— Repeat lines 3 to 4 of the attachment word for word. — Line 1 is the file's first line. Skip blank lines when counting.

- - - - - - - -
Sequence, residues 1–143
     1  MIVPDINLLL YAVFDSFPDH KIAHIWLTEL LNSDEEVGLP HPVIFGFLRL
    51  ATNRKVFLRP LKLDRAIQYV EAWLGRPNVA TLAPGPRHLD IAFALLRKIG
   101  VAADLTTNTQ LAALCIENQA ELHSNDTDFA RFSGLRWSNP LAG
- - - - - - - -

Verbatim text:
    51  ATNRKVFLRP LKLDRAIQYV EAWLGRPNVA TLAPGPRHLD IAFALLRKIG
   101  VAADLTTNTQ LAALCIENQA ELHSNDTDFA RFSGLRWSNP LAG